Most crucially, those advocating patience and continued diplomatic effort, are seen by some to nurture other ambitions. China is scrounging resources at impressive speeds and is in urgent need of diversifiying its energy input. Its current reliance on coal is starting to reveal itself as untenable, both in terms of efficiency (risky and ill-maintained infrastructure) and sustainability (pollution & environmental degradation). The instabilities inherent in its current energy policy represent strong reasons for China to avoid antagonising Iran. Both countries have much to gain from deepening bi-lateral relations in the future. Russia too will benefit from good relations with its southern neighbour. Pipelines from the Caspian Sea straight through to the Persian Gulf could boost Russia’s position on the international stage as a pivotal energy player. Talking tough but acting friendly could very well be a self-serving tactic in view of energy deals that might help shift power back east, to the detriment of a resource dependent Europe.
Overall, the different positions within the Security Council could be summarized into three groups. First, continuing to support the diplomatic effort for now, the US keeps all options – including unilateral military action – on the table. Less outspoken about Tehran’s right to nuclear energy, the Americans (and with them the Israelis) are most adamant about prohibiting Iran’s access to the Bomb. To them a nuclear Iran would not only redraw the regional power map, but launch a new arms race at the same time. Coupled with growing anti-western fundamentalism, American hegemony in the region and its unhindered access to oil could come under severe threat. Then, the EU-three (France, UK, Germany) – frantically experimenting with all sorts of beta versions of carrot-and-stick scenarios – pronounce themselves supportive of a civilian nuclear program provided Iran agrees to work in compliance with international regulations. The EU hopes to pro-actively engage Iran and simultaneously demonstrate to the world that the Union and its tactic of multilaterial diplomacy is incontournable. In fact, since its internal falling out over the Iraq war, or the ‘no’ to a Constitutional Treaty, the EU has some brass of its own to polish and this seems to be the perfect occasion for it... Thirdly, Russia and China seem to go for energy contracts before anything else, worrying least about Iran having the Bomb and most about keeping all channels with Tehran open. If Iran manages to exploit the member’s differences effectively and the post-WWII multilateral security regime ends up being hollowed out, global political stability will be up for grabs.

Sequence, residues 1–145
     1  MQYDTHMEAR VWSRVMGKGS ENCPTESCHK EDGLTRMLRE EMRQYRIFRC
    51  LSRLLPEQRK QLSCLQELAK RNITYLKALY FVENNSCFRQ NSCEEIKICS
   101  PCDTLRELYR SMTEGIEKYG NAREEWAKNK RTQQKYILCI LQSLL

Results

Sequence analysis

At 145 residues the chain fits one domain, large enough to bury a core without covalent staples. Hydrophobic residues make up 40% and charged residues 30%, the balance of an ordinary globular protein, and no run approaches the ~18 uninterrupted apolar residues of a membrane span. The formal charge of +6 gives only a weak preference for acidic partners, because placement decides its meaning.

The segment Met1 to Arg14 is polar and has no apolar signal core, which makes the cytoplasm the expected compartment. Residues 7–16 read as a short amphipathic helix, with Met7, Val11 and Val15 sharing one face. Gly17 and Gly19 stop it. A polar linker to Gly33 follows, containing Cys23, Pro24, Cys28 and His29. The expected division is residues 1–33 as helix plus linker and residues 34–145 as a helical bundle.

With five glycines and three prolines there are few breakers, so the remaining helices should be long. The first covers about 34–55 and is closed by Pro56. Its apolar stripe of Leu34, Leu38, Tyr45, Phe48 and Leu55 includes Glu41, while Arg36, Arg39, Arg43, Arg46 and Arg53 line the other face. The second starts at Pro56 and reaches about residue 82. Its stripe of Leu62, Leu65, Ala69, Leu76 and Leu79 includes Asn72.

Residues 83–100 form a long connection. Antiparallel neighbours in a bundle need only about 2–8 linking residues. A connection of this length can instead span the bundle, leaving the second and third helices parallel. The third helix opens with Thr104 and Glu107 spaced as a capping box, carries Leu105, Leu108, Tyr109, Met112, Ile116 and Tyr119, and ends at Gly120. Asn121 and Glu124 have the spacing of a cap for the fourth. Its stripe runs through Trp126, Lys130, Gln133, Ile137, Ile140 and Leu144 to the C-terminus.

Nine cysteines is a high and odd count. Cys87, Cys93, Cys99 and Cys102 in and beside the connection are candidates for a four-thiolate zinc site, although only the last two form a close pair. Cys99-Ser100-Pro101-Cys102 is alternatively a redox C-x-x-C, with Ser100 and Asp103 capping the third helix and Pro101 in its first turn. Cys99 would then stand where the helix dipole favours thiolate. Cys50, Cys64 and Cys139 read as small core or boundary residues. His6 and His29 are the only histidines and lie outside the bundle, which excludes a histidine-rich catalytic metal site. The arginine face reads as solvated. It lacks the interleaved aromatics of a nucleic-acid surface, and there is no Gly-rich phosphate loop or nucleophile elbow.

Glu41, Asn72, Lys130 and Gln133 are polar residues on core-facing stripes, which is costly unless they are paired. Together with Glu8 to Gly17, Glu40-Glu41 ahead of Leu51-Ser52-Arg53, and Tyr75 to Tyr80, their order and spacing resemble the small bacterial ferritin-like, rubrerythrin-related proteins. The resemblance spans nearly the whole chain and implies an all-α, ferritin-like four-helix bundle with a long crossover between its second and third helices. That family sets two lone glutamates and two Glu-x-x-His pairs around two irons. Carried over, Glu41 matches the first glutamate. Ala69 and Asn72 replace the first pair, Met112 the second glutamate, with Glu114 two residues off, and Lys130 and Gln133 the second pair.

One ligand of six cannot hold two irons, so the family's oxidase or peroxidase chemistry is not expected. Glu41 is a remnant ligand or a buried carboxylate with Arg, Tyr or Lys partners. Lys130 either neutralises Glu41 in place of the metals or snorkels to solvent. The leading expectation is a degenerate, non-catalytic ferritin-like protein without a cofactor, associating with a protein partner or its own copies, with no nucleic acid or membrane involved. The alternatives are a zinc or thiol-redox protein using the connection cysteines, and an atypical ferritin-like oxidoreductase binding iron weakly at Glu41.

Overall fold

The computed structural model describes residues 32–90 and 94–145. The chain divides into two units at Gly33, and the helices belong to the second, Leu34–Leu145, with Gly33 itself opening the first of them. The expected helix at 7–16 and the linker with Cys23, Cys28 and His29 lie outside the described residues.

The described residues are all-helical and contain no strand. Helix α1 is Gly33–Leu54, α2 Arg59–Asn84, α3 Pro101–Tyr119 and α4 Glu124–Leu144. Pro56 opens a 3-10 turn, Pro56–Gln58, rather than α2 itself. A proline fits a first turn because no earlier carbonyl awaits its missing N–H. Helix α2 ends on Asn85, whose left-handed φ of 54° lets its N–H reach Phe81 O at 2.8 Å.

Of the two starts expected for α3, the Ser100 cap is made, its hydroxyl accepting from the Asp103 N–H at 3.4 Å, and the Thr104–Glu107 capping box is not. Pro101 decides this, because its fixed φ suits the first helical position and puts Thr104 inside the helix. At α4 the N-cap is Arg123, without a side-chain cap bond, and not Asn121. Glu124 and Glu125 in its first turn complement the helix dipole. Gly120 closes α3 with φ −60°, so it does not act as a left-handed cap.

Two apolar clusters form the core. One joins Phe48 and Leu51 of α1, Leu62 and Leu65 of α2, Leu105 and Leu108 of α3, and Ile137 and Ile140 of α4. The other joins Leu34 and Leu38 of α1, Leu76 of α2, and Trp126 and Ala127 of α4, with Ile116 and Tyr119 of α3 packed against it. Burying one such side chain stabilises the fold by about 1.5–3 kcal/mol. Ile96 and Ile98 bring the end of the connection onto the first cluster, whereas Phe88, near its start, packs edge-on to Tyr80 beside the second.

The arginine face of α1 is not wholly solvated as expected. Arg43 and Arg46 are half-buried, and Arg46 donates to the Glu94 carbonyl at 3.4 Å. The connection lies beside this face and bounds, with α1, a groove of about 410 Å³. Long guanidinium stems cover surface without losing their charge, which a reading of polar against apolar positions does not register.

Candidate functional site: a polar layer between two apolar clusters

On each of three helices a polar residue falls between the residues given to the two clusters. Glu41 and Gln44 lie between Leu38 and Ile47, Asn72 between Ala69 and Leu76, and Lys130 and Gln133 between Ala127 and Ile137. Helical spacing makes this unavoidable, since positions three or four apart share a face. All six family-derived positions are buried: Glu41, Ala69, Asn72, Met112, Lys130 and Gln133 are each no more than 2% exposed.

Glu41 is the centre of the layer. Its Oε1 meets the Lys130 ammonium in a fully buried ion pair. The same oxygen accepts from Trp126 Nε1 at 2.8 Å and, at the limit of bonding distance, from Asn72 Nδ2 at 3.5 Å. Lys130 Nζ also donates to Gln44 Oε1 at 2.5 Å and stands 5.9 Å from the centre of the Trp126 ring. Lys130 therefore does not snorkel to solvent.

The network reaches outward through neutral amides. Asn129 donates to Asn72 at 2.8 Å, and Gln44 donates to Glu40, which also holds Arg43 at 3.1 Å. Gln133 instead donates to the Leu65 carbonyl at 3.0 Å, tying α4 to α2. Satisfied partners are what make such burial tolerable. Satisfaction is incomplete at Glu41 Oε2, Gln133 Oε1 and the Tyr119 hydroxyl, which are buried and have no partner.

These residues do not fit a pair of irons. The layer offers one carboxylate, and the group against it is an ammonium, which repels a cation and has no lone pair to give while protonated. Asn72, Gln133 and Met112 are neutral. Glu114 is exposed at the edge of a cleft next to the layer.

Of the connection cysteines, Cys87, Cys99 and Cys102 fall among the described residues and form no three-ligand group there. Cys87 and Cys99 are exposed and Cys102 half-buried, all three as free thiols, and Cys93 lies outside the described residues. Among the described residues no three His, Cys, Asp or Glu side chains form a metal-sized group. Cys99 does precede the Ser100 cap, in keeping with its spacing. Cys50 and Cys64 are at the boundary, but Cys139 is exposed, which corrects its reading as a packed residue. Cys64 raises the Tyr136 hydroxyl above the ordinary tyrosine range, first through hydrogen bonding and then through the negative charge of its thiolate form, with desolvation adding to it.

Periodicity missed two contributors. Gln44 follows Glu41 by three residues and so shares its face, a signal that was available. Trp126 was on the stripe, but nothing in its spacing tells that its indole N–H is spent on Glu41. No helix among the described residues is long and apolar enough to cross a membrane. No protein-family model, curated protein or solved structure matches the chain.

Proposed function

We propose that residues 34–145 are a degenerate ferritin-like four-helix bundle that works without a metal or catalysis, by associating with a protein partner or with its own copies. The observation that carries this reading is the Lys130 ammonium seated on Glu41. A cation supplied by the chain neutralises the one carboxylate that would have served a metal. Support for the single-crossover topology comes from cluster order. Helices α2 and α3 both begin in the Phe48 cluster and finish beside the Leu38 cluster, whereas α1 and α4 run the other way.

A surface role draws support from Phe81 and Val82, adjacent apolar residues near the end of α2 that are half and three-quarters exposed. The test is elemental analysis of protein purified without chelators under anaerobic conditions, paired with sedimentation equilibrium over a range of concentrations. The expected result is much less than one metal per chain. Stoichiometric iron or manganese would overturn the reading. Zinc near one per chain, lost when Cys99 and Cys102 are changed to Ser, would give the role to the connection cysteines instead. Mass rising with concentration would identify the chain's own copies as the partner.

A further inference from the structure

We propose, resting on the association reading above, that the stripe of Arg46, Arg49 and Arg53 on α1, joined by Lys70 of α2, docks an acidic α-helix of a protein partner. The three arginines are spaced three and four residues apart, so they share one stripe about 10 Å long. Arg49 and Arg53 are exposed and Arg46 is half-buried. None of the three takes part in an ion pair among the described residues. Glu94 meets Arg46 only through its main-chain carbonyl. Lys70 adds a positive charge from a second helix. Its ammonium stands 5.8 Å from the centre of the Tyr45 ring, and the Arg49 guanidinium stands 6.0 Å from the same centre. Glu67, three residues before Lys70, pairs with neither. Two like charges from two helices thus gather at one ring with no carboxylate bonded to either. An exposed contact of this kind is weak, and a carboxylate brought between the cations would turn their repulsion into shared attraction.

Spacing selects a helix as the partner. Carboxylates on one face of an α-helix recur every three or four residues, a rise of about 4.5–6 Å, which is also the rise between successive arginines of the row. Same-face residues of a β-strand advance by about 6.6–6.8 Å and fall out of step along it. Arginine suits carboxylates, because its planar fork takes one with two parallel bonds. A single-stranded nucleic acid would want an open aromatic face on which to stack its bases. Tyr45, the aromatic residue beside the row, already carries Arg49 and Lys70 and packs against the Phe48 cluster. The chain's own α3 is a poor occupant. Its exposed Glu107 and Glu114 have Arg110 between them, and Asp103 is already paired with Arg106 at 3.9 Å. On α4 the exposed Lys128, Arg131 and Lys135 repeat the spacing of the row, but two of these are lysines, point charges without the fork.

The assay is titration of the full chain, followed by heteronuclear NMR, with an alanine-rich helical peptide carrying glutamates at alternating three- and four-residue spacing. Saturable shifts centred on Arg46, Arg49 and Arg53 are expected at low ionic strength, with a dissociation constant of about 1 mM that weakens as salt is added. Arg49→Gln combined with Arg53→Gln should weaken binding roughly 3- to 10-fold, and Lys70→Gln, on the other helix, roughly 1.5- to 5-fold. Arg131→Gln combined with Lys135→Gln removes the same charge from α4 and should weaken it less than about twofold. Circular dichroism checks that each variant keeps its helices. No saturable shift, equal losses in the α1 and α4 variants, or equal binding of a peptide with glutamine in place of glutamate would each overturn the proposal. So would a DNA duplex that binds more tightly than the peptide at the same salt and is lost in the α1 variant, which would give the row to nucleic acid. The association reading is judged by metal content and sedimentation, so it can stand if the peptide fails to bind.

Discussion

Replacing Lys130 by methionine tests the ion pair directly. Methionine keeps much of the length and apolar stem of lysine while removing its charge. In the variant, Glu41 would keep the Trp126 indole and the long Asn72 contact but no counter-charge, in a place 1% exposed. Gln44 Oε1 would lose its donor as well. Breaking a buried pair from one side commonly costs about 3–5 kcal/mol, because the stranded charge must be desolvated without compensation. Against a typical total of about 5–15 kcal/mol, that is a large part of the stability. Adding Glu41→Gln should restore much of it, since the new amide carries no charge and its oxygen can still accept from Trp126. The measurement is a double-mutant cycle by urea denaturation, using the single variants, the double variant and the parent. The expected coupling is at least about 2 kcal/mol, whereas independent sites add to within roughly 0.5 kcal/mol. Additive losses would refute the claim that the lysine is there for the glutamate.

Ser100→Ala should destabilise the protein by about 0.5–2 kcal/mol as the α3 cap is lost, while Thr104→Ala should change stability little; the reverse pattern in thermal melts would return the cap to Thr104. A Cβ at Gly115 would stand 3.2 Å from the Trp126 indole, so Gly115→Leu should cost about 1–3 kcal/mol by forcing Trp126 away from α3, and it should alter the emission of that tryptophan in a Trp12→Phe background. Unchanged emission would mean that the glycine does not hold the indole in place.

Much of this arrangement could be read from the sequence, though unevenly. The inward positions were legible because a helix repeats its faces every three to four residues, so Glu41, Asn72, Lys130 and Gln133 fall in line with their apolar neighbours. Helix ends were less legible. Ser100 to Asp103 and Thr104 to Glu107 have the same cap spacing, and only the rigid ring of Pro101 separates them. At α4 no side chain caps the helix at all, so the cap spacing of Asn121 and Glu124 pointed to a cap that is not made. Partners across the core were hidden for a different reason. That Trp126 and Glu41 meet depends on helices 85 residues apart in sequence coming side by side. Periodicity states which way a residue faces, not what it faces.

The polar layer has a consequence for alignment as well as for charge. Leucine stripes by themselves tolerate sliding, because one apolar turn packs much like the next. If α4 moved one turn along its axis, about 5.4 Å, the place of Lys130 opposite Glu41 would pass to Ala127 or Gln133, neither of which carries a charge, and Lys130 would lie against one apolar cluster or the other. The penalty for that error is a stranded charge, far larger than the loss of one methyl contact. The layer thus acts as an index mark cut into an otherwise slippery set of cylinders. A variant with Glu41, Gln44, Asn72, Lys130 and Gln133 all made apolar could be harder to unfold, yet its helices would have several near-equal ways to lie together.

Action delayed...

For now the crisis seems to have been averted. On May 12th, all Security Council members agreed to give negotiations another chance before tightening the screws on the regime in Iran. This apparent consensus however may turn out to be somewhat like breaking the sound barrier, where the loud bang comes long after hitting the wall. One may wonder if our security bubble hasn’t burst a while ago, with just the loud shatter postponed.
Despite the reopening of the diplomatic track, Tehran happily continues to defy the west, both with strong language against Israel (as was again the case upon Ahmadinejad’s visit to Indonesia in mid-May) and strong demands towards the EU (any European package deal should contain explicit statements on Iran’s right to nuclear energy for instance). The situation may soon lead back to the point where it stalled today : action yes, but how ?